The PC Engine was a collaborative effort between Japanese software maker Hudson Soft (which maintains a chip-making division) and NEC. In a classic example of good timing, Hudson was looking for financial backing for a game console they had designed, and NEC was looking to get into the lucrative game market. The PC Engine was and is a very small video game console, due primarily to a very efficient three-chip architecture and its use of HuCards, credit-card sized data cartridges. It featured an enhanced MOS Technology 6502 processor and a custom 16-bit graphics processor, as well as a custom video encoder chip, all designed by Hudson.
The PC Engine was extremely popular in Japan, besting Nintendo's Famicom in sales soon after its release, with no fewer than twelve systems released from 1987 to 1993, and new games released as recently as 1999. It was capable of up to 512 colors at once in several resolutions, and featured very robust sprite handling abilities. The Hudson-designed chroma encoder delivered a video signal more vibrant and colourful than both the Famicom and the Sega Megadrive and is largely regarded as the equal to Nintendo's Super Famicom, the PC Engine's contemporary competition.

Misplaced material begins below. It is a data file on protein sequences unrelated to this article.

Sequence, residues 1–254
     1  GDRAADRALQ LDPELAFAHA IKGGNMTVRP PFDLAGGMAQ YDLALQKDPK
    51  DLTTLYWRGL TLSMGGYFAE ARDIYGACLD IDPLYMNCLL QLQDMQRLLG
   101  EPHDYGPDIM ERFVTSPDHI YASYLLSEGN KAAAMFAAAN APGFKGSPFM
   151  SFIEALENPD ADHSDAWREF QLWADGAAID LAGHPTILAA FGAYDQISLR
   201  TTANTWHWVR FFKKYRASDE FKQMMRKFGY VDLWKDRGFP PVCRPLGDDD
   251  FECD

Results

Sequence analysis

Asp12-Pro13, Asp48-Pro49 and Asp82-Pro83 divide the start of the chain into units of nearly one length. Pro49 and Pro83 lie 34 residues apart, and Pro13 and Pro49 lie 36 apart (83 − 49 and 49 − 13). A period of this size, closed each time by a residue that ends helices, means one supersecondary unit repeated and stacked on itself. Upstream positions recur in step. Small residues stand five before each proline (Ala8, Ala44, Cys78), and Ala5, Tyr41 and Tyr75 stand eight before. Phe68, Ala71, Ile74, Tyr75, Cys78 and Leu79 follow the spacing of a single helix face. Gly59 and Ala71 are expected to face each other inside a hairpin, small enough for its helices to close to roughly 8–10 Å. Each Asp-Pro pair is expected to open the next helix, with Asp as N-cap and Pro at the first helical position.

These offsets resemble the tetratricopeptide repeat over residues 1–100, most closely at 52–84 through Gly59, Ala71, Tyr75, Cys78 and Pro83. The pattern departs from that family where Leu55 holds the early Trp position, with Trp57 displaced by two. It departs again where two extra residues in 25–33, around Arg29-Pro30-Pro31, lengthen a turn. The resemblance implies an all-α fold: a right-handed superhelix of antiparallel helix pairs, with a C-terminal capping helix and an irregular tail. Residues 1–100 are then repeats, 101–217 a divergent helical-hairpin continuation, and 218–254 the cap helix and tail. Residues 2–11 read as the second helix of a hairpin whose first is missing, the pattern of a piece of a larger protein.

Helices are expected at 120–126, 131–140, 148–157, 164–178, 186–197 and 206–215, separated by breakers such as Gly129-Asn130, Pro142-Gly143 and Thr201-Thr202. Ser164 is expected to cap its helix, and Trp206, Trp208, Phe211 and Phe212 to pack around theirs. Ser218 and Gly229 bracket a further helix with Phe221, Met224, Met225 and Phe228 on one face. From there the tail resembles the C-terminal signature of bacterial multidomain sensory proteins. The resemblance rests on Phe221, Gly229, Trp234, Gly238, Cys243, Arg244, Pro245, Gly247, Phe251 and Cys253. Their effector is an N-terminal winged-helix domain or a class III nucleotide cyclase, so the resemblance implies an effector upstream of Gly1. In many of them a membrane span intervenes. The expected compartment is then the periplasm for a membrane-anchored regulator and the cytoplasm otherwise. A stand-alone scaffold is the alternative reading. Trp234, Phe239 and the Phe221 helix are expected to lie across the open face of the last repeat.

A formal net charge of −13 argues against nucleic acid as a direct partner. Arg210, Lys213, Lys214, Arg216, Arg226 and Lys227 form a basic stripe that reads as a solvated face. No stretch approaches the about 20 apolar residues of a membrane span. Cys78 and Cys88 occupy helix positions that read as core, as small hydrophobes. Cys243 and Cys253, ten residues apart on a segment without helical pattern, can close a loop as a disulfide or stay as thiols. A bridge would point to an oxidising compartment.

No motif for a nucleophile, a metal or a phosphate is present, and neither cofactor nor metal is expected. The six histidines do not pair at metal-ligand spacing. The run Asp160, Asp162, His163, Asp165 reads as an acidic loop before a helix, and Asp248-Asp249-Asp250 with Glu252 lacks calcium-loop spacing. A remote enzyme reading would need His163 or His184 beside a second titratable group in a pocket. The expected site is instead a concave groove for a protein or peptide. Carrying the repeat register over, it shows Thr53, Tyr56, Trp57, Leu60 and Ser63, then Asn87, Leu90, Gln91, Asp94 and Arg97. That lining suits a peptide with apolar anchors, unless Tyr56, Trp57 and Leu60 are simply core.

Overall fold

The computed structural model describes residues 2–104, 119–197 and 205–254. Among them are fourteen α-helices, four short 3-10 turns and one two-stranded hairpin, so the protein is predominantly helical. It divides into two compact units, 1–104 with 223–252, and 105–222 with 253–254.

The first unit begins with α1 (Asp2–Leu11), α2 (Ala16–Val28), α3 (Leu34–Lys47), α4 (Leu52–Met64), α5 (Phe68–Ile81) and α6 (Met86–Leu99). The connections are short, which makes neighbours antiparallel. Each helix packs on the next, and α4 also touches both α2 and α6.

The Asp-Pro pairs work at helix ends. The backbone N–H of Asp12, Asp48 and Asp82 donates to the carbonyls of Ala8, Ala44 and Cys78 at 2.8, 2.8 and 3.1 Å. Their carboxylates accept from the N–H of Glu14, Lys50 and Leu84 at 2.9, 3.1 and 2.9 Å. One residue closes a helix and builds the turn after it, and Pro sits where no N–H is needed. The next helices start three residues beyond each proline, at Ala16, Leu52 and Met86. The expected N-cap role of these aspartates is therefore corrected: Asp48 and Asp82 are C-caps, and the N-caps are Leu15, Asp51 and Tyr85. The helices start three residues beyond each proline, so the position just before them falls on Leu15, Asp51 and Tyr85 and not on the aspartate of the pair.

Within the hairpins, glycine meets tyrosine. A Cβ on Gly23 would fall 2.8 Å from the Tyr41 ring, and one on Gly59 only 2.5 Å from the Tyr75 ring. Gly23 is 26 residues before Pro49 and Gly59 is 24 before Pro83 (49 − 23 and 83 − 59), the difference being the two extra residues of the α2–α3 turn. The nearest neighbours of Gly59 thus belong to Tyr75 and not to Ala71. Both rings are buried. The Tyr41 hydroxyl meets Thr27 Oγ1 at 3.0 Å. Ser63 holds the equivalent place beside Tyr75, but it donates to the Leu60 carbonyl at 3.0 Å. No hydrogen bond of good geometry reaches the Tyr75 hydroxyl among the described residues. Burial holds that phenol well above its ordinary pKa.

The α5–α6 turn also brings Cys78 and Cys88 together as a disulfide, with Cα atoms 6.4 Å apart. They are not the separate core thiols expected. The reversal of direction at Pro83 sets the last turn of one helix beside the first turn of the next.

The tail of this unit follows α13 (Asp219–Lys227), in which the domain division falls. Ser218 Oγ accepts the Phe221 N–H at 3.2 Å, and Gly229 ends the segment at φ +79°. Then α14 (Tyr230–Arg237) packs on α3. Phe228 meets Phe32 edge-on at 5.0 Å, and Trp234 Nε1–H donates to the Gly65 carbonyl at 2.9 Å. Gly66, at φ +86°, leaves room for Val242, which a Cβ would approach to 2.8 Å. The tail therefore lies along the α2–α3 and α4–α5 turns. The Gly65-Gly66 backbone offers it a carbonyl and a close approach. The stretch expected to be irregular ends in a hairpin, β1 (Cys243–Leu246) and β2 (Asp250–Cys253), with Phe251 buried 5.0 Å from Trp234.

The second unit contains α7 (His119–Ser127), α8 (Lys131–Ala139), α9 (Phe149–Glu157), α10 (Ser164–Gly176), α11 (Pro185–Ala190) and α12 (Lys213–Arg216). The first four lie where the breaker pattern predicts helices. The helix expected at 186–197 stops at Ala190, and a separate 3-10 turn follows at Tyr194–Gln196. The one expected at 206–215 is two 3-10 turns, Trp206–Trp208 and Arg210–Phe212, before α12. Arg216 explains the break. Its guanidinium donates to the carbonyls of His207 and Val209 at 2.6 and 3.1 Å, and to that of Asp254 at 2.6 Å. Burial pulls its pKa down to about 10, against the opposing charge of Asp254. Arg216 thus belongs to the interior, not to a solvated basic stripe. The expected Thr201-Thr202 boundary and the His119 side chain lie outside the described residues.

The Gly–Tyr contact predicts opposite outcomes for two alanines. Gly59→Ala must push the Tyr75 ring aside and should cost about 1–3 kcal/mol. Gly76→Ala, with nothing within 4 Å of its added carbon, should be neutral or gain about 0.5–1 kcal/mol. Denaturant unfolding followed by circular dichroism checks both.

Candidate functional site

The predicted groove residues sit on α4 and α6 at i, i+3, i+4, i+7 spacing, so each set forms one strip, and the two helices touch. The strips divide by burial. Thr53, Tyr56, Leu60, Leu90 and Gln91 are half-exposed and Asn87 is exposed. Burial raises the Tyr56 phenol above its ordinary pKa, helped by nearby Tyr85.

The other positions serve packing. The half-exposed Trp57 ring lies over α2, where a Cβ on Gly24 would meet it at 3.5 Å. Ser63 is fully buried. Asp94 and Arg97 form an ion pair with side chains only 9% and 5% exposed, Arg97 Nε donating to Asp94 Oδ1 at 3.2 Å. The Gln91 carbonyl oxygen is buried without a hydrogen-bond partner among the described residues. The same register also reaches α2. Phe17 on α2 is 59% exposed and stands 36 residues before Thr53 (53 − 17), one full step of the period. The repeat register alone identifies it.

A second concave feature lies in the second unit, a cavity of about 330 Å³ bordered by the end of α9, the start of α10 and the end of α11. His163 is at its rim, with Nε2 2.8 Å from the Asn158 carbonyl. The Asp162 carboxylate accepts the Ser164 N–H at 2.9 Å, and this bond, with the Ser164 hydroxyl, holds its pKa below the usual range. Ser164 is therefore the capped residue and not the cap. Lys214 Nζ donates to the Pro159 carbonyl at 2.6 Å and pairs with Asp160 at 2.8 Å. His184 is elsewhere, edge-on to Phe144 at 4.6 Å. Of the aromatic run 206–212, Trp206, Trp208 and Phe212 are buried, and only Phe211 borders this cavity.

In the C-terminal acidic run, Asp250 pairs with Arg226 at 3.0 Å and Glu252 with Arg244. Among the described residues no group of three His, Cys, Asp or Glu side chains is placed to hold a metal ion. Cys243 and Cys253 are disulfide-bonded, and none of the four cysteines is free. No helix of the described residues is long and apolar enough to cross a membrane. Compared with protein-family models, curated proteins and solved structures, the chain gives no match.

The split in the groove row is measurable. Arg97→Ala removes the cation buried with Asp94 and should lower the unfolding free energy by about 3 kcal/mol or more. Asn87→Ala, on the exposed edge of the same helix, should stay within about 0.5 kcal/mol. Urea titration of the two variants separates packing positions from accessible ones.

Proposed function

It was the first console to have a optional CD module, allowing the standard benefits of the CD medium: more storage, cheaper media costs, and redbook audio. The efficient design, backing of many of Japan's major software producers, and the additional CD ROM capabilities gave the PC Engine a very wide variety of software, with several hundred games for each the HuCard and CD formats. Here's a screenshot gallery.
Several of the PC Engine systems and its US-released counterparts are possibly the most commonly misspelled video game systems of all time. The -Grafx suffix, used for the Japanese CoreGrafx and SuperGrafx, as well as the US TurboGrafx, is spelled incorrectly almost as often as not. Grafix, graphx and countless permutations thereof abound.